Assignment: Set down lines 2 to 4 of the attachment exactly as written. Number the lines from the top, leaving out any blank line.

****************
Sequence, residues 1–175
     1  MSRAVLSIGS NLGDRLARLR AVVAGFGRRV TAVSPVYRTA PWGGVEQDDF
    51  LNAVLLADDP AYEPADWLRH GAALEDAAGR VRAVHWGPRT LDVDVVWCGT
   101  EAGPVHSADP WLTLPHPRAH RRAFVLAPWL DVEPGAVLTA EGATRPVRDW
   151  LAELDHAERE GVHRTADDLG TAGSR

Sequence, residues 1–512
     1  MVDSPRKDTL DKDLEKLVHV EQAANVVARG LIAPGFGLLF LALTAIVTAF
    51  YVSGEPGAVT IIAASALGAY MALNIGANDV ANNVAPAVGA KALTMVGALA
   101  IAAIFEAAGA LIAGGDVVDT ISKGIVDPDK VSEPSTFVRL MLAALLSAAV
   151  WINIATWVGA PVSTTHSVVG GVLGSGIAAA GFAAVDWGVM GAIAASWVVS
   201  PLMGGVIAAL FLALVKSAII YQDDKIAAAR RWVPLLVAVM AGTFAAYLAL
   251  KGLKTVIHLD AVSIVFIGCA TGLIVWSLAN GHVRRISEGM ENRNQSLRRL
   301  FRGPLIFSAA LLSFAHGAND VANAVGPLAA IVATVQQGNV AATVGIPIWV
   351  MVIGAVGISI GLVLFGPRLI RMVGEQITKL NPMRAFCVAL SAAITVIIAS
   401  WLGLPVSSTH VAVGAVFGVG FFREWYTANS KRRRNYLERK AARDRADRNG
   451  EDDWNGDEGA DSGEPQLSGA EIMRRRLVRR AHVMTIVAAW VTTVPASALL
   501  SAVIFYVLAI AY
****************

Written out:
     1  MSRAVLSIGS NLGDRLARLR AVVAGFGRRV TAVSPVYRTA PWGGVEQDDF
    51  LNAVLLADDP AYEPADWLRH GAALEDAAGR VRAVHWGPRT LDVDVVWCGT
   101  EAGPVHSADP WLTLPHPRAH RRAFVLAPWL DVEPGAVLTA EGATRPVRDW